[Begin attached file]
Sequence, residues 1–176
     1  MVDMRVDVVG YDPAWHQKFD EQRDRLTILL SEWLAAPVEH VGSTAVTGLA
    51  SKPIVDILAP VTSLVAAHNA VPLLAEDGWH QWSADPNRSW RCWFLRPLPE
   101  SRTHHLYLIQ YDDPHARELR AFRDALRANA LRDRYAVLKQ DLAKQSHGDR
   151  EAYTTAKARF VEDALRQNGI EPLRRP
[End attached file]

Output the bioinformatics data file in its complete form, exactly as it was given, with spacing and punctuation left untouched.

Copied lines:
Sequence, residues 1–176
     1  MVDMRVDVVG YDPAWHQKFD EQRDRLTILL SEWLAAPVEH VGSTAVTGLA
    51  SKPIVDILAP VTSLVAAHNA VPLLAEDGWH QWSADPNRSW RCWFLRPLPE
   101  SRTHHLYLIQ YDDPHARELR AFRDALRANA LRDRYAVLKQ DLAKQSHGDR
   151  EAYTTAKARF VEDALRQNGI EPLRRP